We have supplied a reading room to prove our points, including a free ebook, which has been submitted as part of these comments.


America’s Broadband History: The Facts.


Think of America’s broadband information highway, like other highways --- A state and its citizens make a deal with a contractor to create a 21st century, upgraded, statewide highway system, removing the old roads with brand new infrastructure. The company takes the money and then delivers nothing more than a refurbished old road. Then the company is able to set up tolls, block cars from specific companies, and even hold municipalities hostage, all the while being paid monthly fees for upgrades that were never completed. Instead, the companies embark on upgrades that they will control, claiming these new highways are private property for personal use. Worse, the regulators are too cozy with the contractors; they fail to monitor or collect accurate data, or enforce basic laws.


1) America is 15th in the world in broadband, according to numerous international sources. The reason we are 15th is that AT&T, Verizon and Qwest failed to upgrade the Public Switched Telephone Networks, the state telecommunications and broadband utilities, and the regulators, both state and federal, failed to collect accurate data or hold the caretakers of America’s critical infrastructure, AT&T, Verizon and Qwest, accountable.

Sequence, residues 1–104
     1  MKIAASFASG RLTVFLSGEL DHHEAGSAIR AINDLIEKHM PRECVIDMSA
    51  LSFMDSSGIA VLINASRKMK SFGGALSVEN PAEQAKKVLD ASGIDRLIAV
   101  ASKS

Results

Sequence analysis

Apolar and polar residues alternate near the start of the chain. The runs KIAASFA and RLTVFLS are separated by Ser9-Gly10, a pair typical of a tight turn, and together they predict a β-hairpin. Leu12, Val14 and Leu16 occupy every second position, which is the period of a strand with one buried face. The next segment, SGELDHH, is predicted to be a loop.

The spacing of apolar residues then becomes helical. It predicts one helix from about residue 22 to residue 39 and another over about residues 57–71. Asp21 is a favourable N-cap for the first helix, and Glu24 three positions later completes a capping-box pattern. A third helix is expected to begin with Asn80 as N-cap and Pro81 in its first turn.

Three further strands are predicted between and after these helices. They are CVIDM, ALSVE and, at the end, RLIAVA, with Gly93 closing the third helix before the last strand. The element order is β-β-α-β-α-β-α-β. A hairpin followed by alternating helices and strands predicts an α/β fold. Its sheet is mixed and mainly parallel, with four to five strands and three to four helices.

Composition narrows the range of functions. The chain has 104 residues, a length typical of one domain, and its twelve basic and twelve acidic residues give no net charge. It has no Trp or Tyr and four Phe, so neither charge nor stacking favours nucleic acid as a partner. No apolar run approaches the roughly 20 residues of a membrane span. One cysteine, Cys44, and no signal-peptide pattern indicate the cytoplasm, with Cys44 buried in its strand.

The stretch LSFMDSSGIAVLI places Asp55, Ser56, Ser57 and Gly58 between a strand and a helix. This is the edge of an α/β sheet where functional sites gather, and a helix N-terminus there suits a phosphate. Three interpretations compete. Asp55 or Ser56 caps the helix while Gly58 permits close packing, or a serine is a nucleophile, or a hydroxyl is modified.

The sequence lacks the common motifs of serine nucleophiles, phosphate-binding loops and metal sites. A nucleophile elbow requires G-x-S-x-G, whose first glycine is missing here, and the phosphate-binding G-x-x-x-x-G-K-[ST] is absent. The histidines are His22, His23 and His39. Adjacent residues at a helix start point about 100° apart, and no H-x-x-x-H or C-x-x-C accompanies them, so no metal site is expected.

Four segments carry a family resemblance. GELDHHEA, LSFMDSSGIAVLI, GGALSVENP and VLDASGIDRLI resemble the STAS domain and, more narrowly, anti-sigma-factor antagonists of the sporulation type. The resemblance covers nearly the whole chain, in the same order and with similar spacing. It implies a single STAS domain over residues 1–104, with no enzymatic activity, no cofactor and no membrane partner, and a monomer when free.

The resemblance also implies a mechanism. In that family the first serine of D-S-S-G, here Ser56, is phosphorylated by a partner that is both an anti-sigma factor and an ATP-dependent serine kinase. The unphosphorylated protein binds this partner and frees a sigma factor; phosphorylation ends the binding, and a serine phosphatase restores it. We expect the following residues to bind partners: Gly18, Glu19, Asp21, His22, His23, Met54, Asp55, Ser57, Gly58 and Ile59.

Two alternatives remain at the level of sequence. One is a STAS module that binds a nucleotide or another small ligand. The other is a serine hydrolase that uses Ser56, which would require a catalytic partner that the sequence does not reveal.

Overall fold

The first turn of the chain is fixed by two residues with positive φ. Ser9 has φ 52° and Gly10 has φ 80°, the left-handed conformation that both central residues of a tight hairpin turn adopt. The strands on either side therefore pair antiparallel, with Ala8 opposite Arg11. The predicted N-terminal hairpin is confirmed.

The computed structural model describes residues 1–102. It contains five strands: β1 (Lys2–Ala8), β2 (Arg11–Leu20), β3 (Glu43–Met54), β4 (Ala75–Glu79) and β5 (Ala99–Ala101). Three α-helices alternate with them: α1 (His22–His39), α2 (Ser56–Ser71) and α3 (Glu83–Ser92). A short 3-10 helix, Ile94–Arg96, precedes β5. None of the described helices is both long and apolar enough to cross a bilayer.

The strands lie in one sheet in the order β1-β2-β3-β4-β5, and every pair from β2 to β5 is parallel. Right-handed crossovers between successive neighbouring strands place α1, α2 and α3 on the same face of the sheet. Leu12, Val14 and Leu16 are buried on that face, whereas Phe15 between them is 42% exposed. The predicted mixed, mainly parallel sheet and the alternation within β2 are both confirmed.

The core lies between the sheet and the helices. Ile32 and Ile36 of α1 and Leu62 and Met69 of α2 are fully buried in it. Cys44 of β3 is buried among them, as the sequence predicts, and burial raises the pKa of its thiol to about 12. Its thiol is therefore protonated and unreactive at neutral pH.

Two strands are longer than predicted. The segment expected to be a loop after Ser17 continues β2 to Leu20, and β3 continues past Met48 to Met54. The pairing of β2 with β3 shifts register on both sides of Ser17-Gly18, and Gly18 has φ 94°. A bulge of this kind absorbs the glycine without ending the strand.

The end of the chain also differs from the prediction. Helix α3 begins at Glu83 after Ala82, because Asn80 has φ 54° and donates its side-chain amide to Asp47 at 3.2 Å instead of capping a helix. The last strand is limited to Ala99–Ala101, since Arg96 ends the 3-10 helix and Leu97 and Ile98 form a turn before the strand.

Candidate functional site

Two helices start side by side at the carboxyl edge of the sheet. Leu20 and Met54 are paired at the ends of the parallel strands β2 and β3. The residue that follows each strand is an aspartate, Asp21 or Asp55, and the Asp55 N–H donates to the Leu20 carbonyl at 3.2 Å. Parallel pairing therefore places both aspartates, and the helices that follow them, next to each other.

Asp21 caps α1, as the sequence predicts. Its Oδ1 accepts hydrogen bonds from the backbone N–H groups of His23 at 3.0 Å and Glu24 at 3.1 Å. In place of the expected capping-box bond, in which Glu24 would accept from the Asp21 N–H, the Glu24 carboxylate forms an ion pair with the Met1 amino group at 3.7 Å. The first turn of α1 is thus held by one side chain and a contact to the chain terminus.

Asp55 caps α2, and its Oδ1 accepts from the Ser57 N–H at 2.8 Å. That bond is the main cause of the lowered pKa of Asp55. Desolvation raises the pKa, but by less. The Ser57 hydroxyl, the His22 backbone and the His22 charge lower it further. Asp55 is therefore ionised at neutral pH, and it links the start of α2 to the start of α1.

2) As of 2009, America has paid over $300 billion since the 1990’s for fiber optic upgrades of the Public Switched Telephone Networks that were never done. This is about $3000.00 per home and counting, though it varies by state. This money has been paid to the phone companies in the form of phone rate hikes and tax perks, as the companies promised to rewire America state by state, and each state created ‘deregulation’ to give the phone companies more profits to use for network upgrades. These profits and changes to state laws were never redone and the monies are still being collected. (Note: We calculate that overcharging for the missing networks is approximately $20 billion a year.)